# Does scanning a lightsource affect the scan result?

I'm very much a layman on this kind of topic, so my logic may be wrong, but here goes:

Sample situation

My reasoning

I think that in essence, any scanner measures how the light it's emitted is reflected back to the device, measuring how much of it is received back or absorbed by the scanned surface. High quality (photographic) scanners would do this very precisely, scanners in a supermarket would work (almost) binary (barcode readers).

To keep the discussion simple, continuing on the simple binary case, black or white, the scanner's light is either reflected or absorbed (1 or 0).

The question

What happens when you are scanning something that is also a light-emitter (not just a reflector)?

The strength of the beam emitted from the scanned light-emitter is added to the one emitted from the scanner, making the contrast against the dark parts clearer.

You get 'false positives', because the entire surface of the light-emitter you're scanning is always emitting some light (to a varying degree). You need a quality scanner to filter out these false positives.

c) No difference

Scanning a light-emitter has no (noticable) effect.

PS: I didn't find any information that explains how scanning works on a physical level, any sources regarding this are welcome!

• What sensors why want to use?Add to the smartphone? – Nikey Mike Dec 22 '15 at 13:10
• Some scanners use that red laser 'stripe' simply as a pointing device. These scanners just take a picture and process it. You are correct that if the scanner is trying to read pure reflectivity at its output wavelength, your smartphone screen needs to absorb the light in the 'dark' regions of the pattern. – Carl Witthoft Dec 22 '15 at 13:35
• Anything you can see is a light emitter. The mechanism of how it emits light, whether it reflects it or creates it first hand is irrelevant. The only relevant thing is how much light is emitted. Large amplitude of light emittance can impact the camera. – Viktor Dec 22 '15 at 13:35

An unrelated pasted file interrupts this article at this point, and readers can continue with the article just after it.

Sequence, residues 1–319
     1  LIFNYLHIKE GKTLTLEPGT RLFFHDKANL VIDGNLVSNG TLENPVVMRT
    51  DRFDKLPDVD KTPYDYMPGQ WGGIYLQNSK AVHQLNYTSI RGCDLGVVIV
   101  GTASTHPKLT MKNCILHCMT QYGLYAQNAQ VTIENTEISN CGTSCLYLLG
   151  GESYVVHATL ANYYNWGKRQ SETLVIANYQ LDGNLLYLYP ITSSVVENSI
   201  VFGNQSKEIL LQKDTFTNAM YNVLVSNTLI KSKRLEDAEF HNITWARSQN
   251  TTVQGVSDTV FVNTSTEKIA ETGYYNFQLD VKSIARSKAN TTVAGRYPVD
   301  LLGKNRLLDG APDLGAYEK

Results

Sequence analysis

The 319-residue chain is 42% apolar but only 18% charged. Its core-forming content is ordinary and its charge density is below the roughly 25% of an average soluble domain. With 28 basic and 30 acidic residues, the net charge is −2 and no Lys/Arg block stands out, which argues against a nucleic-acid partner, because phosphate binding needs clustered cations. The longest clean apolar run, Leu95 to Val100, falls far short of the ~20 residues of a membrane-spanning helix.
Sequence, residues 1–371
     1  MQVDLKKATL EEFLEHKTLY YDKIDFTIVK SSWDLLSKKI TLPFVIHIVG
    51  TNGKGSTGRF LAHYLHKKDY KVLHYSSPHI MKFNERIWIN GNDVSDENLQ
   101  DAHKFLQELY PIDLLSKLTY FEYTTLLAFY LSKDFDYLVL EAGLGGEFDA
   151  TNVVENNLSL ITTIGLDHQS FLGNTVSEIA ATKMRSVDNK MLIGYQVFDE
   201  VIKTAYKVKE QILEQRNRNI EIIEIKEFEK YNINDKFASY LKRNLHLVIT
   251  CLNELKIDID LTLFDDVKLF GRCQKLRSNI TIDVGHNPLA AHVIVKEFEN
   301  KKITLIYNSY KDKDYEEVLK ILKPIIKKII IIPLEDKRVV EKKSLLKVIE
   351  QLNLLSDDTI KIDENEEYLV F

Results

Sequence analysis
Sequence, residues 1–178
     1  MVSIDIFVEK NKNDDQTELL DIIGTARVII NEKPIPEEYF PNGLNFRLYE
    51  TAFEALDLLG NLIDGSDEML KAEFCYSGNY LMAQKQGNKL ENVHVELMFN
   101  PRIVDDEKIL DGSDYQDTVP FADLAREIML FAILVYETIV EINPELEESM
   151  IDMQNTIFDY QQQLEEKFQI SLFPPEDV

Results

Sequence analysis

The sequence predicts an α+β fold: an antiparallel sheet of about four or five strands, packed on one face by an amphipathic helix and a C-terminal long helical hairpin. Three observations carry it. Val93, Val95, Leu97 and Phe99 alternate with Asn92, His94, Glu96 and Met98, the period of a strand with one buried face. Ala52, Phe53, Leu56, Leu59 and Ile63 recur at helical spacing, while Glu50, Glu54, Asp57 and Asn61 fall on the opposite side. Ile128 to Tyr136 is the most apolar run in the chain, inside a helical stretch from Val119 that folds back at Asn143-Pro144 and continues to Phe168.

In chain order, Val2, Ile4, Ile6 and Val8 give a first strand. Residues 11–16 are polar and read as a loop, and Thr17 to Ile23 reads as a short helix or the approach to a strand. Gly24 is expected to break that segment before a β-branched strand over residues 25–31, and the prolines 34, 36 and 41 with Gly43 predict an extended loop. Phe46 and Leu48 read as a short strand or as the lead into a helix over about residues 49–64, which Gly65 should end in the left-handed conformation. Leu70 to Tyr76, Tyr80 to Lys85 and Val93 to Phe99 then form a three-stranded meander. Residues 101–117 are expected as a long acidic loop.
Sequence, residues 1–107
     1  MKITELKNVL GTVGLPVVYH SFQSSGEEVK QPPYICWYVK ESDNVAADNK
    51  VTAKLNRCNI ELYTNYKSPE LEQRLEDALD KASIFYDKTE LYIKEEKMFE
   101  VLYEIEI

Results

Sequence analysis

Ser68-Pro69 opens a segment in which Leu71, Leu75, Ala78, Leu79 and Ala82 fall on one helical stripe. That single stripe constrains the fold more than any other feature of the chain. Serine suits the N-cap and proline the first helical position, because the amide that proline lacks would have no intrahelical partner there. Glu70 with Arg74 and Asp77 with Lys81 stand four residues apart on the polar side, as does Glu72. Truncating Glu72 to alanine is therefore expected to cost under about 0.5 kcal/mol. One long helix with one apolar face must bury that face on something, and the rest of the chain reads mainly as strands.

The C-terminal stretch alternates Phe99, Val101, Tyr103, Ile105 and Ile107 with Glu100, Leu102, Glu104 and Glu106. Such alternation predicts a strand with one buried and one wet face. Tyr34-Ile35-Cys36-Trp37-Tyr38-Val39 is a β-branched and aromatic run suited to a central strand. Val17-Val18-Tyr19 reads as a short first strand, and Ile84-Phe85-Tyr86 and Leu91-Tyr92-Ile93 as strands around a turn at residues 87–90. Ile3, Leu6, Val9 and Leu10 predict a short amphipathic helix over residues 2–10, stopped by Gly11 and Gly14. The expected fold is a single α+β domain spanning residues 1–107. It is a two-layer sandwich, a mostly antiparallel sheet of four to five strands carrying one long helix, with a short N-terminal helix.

This is really a very broad question; I will give you just a few pointers, but a full answer could fill a book.

Yes, any 1D/2D pattern (barcode) scanner is looking at spatial variations in the received intensity; and it typically looks for "brighter/darker" to decide how to do the binary decoding ('1/0). Bar codes are constructed in such a way that they are roughly 50% black and 50% white regardless of the number represented, so this trick works fairly well.

How well it works, then, really depends on the contrast between the black and white signal. If you have limited contrast - say, the reflectivity of the white is 60% and the reflectivity of the black is 40\$ - then the total signal is 20% (60%-40%), while the average signal is 50% ((40%+60%)/2). If you had excellent contrast, the values would be 0% for black, and 100% for white.

Now there are several things that degrade the quality of the scan. The first is the color (bright/dark-ness) of the object scanned, as described above; but there may be other factors degrading the contrast: reflection (shiny barcodes are hard) and scatter along the optical path (dirt on the lens, "fog" in the air) being the most important.